The U.S.-Russia Relationship on Cybercrime Is About to Get Even More Strained

A secretive treason trial suggests we should be worried.

A fraying cable with a U.S. flag on one side and a Russian flag on the other.
Photo illustration by Slate. Photos by United States Federal Government and muri30/iStock/Getty Images Plus.

Two Russian cybersecurity experts were sentenced to prison in late February for committing undisclosed acts of treason, leading to considerable speculation about whether they were involved in helping the United States investigate Russian interference in the 2016 U.S. elections. The details of the case were kept so secret that only a few facts are absolutely certain, but the timing is certainly suspicious—the two men were arrested just one month after the 2016 presidential election. The secretive treason trial is most significant, however, not for what it tells us about what went on during the 2016 election but instead for what it appears to reveal about the Russian government’s willingness to let cybercriminals call the shots—and its unwillingness to continue even the small amount of cooperation with the United States on fighting cybercrime that it once allowed.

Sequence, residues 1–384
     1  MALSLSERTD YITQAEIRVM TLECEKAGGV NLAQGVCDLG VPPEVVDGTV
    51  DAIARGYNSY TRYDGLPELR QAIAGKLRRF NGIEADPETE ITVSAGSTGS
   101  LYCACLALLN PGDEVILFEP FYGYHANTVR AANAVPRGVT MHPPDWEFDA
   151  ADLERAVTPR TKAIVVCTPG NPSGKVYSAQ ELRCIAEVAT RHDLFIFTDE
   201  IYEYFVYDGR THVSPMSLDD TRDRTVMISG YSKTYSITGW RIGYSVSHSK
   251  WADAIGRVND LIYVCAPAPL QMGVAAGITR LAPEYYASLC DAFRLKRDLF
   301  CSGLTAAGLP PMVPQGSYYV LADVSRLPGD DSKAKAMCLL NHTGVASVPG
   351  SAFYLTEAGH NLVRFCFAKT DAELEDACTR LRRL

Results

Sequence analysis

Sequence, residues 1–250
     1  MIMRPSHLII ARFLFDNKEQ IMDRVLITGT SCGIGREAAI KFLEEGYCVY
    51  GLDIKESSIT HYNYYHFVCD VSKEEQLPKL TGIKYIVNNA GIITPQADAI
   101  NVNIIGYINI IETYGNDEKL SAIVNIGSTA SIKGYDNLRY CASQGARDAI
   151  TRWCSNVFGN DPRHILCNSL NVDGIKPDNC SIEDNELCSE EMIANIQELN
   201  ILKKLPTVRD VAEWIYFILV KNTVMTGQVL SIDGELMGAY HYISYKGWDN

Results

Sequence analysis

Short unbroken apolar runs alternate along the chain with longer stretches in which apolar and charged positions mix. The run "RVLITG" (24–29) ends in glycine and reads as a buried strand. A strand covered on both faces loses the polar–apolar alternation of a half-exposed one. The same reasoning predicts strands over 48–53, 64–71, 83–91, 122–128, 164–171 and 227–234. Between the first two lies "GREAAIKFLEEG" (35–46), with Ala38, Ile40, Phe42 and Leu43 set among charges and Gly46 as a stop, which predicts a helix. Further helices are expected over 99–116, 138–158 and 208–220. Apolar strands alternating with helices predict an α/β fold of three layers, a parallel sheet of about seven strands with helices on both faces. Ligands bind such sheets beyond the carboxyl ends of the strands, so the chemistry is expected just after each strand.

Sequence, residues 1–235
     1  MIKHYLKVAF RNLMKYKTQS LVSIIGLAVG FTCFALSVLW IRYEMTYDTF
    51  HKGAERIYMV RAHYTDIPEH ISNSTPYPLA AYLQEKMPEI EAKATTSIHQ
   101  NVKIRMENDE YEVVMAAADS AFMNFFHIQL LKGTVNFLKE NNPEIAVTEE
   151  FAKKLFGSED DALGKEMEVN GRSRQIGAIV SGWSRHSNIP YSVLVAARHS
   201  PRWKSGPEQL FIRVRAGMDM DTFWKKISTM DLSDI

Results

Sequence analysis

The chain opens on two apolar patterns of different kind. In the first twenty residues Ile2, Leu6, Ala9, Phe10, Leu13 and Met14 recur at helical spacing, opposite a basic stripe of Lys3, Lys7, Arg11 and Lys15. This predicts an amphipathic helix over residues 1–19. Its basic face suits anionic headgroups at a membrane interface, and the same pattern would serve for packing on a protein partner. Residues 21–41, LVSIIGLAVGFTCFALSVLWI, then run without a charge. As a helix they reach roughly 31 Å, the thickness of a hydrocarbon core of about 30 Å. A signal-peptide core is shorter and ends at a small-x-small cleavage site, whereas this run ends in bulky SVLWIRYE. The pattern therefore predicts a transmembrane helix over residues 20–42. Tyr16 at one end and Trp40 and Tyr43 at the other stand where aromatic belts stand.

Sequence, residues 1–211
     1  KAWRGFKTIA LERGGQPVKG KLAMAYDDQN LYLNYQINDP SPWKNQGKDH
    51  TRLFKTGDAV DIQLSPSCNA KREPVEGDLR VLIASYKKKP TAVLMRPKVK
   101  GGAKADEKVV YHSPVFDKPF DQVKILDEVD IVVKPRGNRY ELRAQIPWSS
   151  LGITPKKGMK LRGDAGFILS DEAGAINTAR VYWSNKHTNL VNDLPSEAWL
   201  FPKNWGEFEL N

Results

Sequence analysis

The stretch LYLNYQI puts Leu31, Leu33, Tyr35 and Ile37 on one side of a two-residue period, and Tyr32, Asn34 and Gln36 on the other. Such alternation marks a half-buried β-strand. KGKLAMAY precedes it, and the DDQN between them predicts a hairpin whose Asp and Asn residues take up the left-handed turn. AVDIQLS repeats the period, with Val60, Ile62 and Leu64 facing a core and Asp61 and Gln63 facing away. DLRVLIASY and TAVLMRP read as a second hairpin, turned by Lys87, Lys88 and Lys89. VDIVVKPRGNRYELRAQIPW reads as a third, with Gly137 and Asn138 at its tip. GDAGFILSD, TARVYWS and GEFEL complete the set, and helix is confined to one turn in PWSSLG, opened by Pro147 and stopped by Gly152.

What we do know: Sergei Mikhailov, a former intelligence officer at the Federal Security Service, or FSB, who helped coordinate anti-cybercrime partnerships with Western countries, including the United States, was sentenced to 22 years in prison. Meanwhile, Ruslan Stoyanov, who worked at controversial Russian cybersecurity firm Kaspersky Lab, received a sentence of 14 years. Both men have maintained their innocence throughout the trial.

The sentences were issued by a Russian military court following a completely closed court proceeding, but one of the defense lawyers revealed to CNN that the two men were being tried for committing treason against Russia on behalf of the United States. It’s possible that they were tried for helping the United States investigate the data breaches directed at the Democratic National Committee servers and Hillary Clinton’s campaign. Whether or not that’s the case, it’s not a good sign that Russia is going after the few people who were cooperating with the United States on cybersecurity matters in the public and private sectors. The Russia-U.S. relationship on cybercrime fighting was already strained. This won’t help.

But even more concerning is the strong suspicion hanging over the case that it was orchestrated largely by convicted cybercriminal Pavel Vrublevsky. Vrublevsky founded a company called ChronoPay that had a reputation for supporting spammers and malware distributors. In 2013, he was convicted of hiring botmasters to launch a distributed denial-of-service attack directed at one of ChronoPay’s competitors, the payment firm Assist. Mikhailov was an expert witness in that case, which ended with Vrublevsky’s conviction.